However, postpartum life is another story. I gave birth in September, and my body doesn’t feel like my body anymore. There’s softness in places where there used to be sharp angles. My favorite clothes fit oddly and my go-to pair of jeans dig into my hips, leaving marks on my skin because I insist on wearing them anyway. And while I’m conscious of trying to eat enough to keep up with the demands of breastfeeding, there’s a tiny part of me that would love nothing more than to start restricting again in order to “get back” to where I was before. Of course, deep down I know better; I know that my E.D. isn’t something I can turn on and off when I want to, nor is it even a choice at all. Rather, it’s a rabbit hole that can quickly spiral out of control if I’m not careful.
And so that’s where Khloé and Kylie come in. The Kardashian-Jenner fam are undoubtedly the faces of pop culture today, and if they were actual royalty, Kylie would be considered the heir to the throne. It’s safe to say that the Kardashian-Jenner sisters are pretty “packaged” — especially Kylie. Everything about her public persona — from her social media presence to her new reality show — seems airbrushed to perfection. And that’s exactly why it would be so damn refreshing to see her and Khloé be honest about what postpartum life is really like.
Of course, celebrities aren’t under any obligation to share their personal lives with fans — and pregnancy and postpartum is as about as personal as it gets. But there’s no denying the fact that stars have a huge impact on the public, and so when celebrities are candid about struggles that their fans may also face, it helps others feel less alone. (Take, for example, Chrissy Teigen’s openness about battling postpartum depression.)
And Kylie and Khloé have a lot of fans. Combined, they have over 170 million Instagram followers — which is more than half the population of the United States, for comparison. There’s no denying that the impact of the Kardashian-Jenner sisters is huge, and their physical appearance has a lot to do with that. In 2015, a U.K. cosmetic surgery group reported that they saw a 73 percent increase in patients who wanted procedures to look like the Kardashians. And they also added that after Kylie Jenner revealed she had lip fillers, there was a 700 percent increase in inquiries about the same procedure… overnight. The trend has also been seen in the U.S., with more and more patients seeking cosmetic surgery after being inspired by the famous family.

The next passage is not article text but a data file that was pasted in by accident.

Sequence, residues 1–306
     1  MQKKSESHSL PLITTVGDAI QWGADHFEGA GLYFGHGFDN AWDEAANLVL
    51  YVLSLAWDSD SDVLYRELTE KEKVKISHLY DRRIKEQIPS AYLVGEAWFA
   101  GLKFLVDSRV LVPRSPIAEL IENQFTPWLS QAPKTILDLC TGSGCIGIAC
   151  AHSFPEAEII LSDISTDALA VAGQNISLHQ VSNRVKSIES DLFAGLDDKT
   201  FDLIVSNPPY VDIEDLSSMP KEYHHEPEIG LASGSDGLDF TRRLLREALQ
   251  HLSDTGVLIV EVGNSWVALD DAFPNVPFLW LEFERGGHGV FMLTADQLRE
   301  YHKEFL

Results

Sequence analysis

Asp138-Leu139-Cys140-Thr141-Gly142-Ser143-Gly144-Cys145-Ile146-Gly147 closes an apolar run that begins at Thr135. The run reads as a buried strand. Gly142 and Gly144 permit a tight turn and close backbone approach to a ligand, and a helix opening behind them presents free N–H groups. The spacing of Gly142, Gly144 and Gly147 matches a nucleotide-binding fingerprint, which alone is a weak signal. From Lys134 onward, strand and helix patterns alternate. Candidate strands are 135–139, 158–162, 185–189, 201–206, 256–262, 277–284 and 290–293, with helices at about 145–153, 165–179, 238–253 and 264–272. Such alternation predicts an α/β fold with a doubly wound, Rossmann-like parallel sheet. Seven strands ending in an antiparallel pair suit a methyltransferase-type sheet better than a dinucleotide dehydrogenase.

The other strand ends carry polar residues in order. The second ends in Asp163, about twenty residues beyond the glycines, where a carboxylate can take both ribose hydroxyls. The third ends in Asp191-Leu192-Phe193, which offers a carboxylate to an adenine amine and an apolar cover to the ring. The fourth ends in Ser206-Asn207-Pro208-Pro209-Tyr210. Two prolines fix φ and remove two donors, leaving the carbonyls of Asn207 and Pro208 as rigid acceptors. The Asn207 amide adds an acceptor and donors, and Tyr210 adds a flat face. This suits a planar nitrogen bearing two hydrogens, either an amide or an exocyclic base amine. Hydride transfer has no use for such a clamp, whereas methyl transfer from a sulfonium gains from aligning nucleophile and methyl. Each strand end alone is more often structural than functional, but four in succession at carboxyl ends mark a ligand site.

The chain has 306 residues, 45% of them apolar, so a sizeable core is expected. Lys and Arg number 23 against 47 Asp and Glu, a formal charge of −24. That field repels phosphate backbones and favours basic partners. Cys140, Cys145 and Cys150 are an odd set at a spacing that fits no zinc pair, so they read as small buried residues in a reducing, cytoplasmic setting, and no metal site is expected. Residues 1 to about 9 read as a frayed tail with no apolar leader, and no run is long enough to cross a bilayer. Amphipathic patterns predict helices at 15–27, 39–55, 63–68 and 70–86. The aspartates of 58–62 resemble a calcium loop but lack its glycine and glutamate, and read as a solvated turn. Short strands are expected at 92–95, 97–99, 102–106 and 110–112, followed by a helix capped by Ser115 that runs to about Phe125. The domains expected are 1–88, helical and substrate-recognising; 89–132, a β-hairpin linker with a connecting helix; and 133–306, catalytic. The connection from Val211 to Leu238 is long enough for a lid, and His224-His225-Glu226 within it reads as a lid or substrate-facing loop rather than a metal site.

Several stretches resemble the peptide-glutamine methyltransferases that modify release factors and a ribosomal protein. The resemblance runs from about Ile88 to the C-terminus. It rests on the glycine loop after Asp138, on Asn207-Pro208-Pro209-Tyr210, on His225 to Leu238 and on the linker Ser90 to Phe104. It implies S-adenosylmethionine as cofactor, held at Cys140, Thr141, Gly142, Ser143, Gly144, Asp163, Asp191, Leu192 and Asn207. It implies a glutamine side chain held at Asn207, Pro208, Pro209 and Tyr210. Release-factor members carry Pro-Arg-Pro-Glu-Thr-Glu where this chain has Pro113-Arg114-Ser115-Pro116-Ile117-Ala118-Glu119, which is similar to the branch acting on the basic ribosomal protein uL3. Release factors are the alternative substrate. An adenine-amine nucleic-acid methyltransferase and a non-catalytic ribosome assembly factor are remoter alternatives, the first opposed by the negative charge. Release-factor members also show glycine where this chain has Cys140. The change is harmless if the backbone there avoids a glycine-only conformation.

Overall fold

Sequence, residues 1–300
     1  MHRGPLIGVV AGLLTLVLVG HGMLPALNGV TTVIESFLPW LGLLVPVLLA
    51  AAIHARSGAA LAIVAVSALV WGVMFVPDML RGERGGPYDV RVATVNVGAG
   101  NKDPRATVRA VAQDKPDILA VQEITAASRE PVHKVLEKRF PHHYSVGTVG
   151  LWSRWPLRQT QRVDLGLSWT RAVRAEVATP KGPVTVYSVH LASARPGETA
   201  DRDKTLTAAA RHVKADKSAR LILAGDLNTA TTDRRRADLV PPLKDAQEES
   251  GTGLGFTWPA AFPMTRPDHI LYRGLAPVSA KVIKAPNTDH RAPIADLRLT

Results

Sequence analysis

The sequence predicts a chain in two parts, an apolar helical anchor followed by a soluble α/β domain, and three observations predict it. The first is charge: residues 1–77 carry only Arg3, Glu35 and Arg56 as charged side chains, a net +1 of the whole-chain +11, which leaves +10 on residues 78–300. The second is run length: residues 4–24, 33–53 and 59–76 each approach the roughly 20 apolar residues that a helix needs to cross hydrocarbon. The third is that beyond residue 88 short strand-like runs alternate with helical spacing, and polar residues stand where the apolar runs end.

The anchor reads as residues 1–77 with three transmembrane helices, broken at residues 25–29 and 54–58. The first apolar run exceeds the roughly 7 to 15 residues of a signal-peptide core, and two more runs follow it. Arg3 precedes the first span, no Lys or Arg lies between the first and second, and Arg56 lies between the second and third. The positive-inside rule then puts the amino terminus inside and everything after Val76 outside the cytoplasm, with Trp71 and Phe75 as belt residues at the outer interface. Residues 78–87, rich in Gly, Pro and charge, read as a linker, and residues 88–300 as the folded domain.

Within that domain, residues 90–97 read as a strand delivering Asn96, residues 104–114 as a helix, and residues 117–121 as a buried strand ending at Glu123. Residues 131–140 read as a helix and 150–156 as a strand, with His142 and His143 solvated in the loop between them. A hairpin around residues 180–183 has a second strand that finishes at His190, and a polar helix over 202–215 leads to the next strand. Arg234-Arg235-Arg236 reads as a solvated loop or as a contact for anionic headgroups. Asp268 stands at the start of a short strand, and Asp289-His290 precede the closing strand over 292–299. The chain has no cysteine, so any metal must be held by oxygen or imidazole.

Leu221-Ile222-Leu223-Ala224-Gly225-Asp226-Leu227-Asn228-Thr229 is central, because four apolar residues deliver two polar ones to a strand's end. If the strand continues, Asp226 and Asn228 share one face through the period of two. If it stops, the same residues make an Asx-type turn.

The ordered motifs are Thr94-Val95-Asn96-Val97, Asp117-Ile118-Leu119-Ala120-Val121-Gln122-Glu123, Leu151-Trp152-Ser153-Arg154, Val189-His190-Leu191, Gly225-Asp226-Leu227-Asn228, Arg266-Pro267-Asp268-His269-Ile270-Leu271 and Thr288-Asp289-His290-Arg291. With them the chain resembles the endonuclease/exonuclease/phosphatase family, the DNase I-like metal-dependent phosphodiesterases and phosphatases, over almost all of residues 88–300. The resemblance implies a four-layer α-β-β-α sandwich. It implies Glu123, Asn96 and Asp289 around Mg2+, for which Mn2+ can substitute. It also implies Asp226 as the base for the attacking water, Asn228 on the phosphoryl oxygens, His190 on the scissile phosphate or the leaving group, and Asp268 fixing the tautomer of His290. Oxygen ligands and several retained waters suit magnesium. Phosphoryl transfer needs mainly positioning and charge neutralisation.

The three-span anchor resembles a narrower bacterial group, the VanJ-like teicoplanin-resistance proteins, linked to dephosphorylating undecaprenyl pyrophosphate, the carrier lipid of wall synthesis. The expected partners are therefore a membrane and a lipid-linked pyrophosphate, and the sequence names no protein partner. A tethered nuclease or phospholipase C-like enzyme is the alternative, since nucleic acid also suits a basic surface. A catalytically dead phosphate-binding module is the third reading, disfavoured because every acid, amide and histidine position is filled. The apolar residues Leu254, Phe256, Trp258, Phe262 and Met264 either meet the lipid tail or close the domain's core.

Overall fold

There’s certainly nothing wrong with getting plastic surgery if that’s what makes you feel good, but it’s important to note that there's an element of privilege that goes along with taking those concrete steps to actually look like Kylie or her sisters. While some might have the means to undergo plastic surgery, many do not (lip fillers, for example, can cost $1,000 a pop — or more). So for a lot of people, these celebrities represent unrealistic and unattainable beauty standards — and that's where the danger lies.
The bottom line? Even though we know that Kylie and Khloé will have access to the best resources after giving birth, they’re still people. They will still go through the physical and emotional process that all other moms have gone through. And while they may be super-famous, they’re not super-human. It would mean a lot to see them admit it, and it just might help other moms feel seen.
So, Kylie and Khloé, if you're listening, here’s what I want you to know:
Your voices matter more than you might ever think they do. A single Instagram post that gets ~real~ about postpartum life could have a huge amount of impact. It’s okay to lower the curtain for a moment and show your fans what’s underneath all the Hollywood magic. Your honesty will be a breath of fresh air for new moms who are struggling to come to terms with a body that doesn't feel like theirs. It will be a reminder that everyone — yes, even the biggest celebrities in the world — feels this way, that this too shall pass, and that ultimately we aren't alone. And that's the biggest gift you could ever give your fans, hands down.
If you are suffering from an eating disorder, you can reach the National Eating Disorders Association helpline in business hours Monday to Friday on (800) 931-2237.
Check out Romper's new video series, Bearing The Motherload, where disagreeing parents from different sides of an issue sit down with a mediator and talk about how to support (and not judge) each other’s parenting perspectives. New episodes air Mondays on Facebook.